Several years ago, I wrote a series of posts on the “Four Elements of Church Sound”. In this next series of post I will revisit those post and make some new observations. Since those original post, I have had a lot of new questions put to me and, hopefully, I have learned a few things along the way. So hear goes…
True or false? “The sound system and sound people in your church is the same as in mine.”
The answer to this question seems so obvious, but the sound system in each church was designed, purchased, and installed using very deferent criteria, one from another and many sound people have learned most of their audio knowledge with the sound system they work with every week. If this system is not properly set up from the start the operator’s ability to provide good sound is immediately compromised.
There are FOUR elements to good sound in any venue;
1.The sound system.
2.The sound people.
3.The room acoustics.
4.The program material (which includes the instrument quality, the talent of the musicians, and the arrangement of the songs).
Let’s go through these one by one to see the reality.
THE SOUND SYSTEM
Most sound systems in contemporary churches were set up in one of four ways.
1. Components were donated from a band that is no longer together (or no longer practicing in their garage,) and their sound man (or lead singer) comes over, sets up the system, and in 15 minutes dispenses all his knowledge about how the system works. This meeting usually ends with him saying “Good luck!” and BAM! the church has a sound system. Note that generally none of the microphones for the worship singers are the same model or even the same brand and the system does not have any way to optimize it, like equalization (except on the channels of the mixer, which are only fixed high, mid, and low). Rereading this, I stand by the brutal reality….
2. The music Pastor pours over industry magazines or websites then takes a fateful trip down to the local music store where he or she buys not what they want, but whatever the store has in stock because “there just isn’t any more time” or the budget does not permit.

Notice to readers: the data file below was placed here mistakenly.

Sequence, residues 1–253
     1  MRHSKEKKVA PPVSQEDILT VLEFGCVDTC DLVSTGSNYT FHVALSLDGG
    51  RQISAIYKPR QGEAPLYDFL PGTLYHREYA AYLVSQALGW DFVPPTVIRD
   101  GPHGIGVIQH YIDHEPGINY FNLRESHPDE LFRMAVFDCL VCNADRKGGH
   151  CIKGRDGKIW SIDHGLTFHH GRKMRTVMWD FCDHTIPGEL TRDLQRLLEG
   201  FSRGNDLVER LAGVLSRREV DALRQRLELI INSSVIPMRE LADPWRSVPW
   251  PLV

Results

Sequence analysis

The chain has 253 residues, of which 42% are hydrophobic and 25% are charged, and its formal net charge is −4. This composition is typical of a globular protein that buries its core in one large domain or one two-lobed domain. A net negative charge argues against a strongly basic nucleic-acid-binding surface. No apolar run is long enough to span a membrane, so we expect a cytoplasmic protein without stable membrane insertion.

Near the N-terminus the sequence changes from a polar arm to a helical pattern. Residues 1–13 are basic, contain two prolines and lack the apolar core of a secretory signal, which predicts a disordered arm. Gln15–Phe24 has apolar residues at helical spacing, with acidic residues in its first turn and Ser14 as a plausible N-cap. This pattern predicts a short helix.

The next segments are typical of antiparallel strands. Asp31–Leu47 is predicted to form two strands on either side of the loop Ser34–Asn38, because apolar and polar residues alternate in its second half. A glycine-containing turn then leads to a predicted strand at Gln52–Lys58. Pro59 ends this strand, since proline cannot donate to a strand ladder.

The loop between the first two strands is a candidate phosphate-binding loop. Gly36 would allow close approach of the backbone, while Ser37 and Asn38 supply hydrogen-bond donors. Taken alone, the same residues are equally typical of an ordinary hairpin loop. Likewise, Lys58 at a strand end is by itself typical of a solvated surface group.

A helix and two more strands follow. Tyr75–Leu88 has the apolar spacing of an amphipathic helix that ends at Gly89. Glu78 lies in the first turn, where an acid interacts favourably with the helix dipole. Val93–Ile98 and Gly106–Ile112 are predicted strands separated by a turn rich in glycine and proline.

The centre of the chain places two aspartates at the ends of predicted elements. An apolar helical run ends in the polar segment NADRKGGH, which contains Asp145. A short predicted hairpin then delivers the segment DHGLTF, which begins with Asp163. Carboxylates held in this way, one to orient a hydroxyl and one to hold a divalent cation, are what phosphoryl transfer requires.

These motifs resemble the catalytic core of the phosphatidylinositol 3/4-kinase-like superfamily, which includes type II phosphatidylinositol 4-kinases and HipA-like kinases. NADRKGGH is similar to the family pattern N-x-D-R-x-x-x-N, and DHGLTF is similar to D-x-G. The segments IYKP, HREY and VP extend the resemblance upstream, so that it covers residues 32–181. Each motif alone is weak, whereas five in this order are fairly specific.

3. The pastor or a well-meaning board member picks a sound company on line or out of the phone book, usually alphabetically, and has them bid a system based not on what will work for the church, but the budget. Usually in this scenario the music pastor and the existing sound people are not once consulted, but expected to operate with this system and perform flawlessly at the next service. This goes for the entire church building process, the first building is build on BUDGET and the second is built on PURPOSE.
4. One or two of the sound team members persuade the Pastor and board members to buy the equipment, usually out of a catalogue or on the internet, hanging speakers wherever and using microphone cable from their favorite consumer electronics shack in the mall. This system never works correctly but everyone is afraid to admit it.
Do any of these scenarios sound familiar? It has been my experience that all of these methods start out with the best intentions in mind, but end up causing friction and frustration in the music ministry, not to mention inadequate sound. Remember that the great Pastor Charles Spurgeon called his music ministry “The War Department.”
I will continue this thread with Part: 2 "The sound people."